J K Grace
Termite response to Agricultural Fiber Composites: Bagasse
2005 - IRG/WP 05-10549
Bagasse, or sugarcane rind, is a fibrous by-product of sugar extraction from sugarcane, Saccharum officinarum L. Bagasse fiber performs similarly to hardwood fiber in composite board products. In laboratory studies, Formosan subterranean termites survived as well on a diet of Bagasse as on Douglas-fir wood. Field tests with a compressed Bagasse panel (produced by heat extrusion) indicated that termites readily penetrated the acrylic/vinyl latex coating on the panel, and tunnelled throughout the interior Bagasse fibers. Treatment of the fibers with disodium octaborate tetrahydrate did not prevent the termite penetration of the panel exterior. Subsequent moisture sorption by the fibers led to rapid swelling and deformation of the panels. A dimensionally stable, high density Bagasse particleboard was also evaluated in laboratory tests. No swelling was noted, although the particleboard was readily penetrated and consumed by Formosan subterranean termites, and mold growth was also noted on the test wafers. In recent years, high-profile Bagasse board production facilities were opened in both Louisiana and Hawaii, only to close shortly thereafter. Bagasse may have more market potential in a value-added, preservative treated product than as a low-end commodity competing with comparable wood products.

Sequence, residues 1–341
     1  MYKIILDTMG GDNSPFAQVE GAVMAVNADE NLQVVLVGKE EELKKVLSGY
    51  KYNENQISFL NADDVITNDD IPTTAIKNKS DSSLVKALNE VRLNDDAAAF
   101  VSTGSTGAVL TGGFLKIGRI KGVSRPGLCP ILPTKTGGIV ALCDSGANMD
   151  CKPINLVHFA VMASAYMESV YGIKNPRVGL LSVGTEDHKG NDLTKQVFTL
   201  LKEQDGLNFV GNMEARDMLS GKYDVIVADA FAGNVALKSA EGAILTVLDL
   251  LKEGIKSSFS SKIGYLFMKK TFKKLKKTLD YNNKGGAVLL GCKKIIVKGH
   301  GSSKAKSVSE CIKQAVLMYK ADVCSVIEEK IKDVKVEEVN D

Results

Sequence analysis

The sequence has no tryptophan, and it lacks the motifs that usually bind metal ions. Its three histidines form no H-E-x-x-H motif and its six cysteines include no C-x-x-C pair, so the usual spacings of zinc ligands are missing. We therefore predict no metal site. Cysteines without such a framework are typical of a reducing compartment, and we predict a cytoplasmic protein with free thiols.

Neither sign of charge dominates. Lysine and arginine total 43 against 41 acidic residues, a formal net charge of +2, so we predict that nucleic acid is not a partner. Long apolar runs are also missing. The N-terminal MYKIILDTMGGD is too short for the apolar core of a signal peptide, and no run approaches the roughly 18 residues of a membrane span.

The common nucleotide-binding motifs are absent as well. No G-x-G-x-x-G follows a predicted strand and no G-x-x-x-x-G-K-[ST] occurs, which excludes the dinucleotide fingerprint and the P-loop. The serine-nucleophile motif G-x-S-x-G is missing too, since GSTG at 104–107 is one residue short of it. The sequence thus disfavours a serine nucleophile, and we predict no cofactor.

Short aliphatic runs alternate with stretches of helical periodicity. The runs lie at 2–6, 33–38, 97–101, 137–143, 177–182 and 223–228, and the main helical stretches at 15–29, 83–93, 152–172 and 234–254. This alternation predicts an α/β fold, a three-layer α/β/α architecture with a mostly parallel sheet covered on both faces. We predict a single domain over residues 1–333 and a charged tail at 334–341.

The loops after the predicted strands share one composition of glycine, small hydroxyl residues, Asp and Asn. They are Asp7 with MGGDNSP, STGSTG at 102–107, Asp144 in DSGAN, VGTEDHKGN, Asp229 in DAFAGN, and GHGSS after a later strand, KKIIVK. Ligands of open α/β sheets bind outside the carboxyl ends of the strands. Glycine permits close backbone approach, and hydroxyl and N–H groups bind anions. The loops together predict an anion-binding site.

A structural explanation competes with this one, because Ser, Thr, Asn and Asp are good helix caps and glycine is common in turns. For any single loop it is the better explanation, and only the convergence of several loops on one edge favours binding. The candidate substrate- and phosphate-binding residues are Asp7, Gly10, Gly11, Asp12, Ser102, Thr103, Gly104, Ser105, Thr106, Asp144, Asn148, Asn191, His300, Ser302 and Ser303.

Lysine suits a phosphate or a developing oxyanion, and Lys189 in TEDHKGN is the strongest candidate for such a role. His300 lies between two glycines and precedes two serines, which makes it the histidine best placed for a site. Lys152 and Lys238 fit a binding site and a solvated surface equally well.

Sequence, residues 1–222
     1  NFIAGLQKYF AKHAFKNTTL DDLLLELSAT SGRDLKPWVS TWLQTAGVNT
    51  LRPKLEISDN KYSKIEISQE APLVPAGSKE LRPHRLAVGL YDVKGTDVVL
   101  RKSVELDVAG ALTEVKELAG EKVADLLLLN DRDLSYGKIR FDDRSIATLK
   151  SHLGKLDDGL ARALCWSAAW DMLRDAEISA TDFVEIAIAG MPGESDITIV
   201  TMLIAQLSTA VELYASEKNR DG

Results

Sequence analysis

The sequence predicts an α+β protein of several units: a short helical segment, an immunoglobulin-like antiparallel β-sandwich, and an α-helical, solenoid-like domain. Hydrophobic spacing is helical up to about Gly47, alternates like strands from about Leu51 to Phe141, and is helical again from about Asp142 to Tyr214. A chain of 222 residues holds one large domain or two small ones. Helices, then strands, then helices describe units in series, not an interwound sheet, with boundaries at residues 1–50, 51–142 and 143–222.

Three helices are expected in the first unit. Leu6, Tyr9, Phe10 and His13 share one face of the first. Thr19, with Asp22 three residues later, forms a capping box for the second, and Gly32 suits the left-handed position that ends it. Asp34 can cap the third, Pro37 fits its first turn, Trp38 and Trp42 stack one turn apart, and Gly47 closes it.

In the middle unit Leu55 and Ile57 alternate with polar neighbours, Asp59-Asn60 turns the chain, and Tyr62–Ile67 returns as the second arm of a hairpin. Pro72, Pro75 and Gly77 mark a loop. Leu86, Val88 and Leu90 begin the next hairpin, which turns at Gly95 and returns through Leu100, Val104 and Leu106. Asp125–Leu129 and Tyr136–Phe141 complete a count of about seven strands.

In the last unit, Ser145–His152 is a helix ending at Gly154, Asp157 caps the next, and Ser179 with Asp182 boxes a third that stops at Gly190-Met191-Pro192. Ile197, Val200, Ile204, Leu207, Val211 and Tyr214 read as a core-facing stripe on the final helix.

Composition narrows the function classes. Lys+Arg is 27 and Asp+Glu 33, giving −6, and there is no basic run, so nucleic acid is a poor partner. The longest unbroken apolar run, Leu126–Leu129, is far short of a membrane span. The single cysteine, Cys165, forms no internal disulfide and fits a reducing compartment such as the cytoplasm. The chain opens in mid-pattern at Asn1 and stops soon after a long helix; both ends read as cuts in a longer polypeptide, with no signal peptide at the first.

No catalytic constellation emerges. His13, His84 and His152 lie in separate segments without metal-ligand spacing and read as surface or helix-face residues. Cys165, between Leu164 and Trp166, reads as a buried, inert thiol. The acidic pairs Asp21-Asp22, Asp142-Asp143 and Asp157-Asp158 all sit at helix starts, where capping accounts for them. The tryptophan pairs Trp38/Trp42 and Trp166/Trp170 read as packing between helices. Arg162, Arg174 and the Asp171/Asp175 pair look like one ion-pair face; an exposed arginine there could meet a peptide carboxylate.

J K Grace
Facility for Conducting Field Tests on Coptotermes formosanus at LSU Agricultural Center
2003 - IRG/WP 03-20274
Efforts by Louisiana State University Agricultural Center (LSU AgCenter) and Mississippi State University (MSU) research scientists, to conduct cooperative research on C. formosanus and other wood-related topics, have led to establishing an FST field test site at the LSU Agricultural Center Citrus Research Experiment Station, Port Sulfur, Louisiana. A minimum of 32 termite colonies will be established on this site. Twelve of the 32 termite installations have been established and tests are underway. Testing at this site will include evaluation of the effects of testing methodologies and procedures using both within- and between-colony replications, in-ground tests to evaluate preservatives (stake tests) or termite baits, test structures, above-ground preservative comparative tests and/or building component durability tests, and basic termite biology / behavior / movement studies. In addition, demonstration projects open to the public will be developed. In short, this site will be a one-of-a-kind on the United States mainland. Fees generated by those using the site will be expended to assure continued viability of this facility.
W R Smith, T L Amburgey, G Henderson, D R Ring
Non agricultural biocide directive. Practical proposals of implementation in the case where biocides are wood preservatives
1995 - IRG/WP 95-50040-24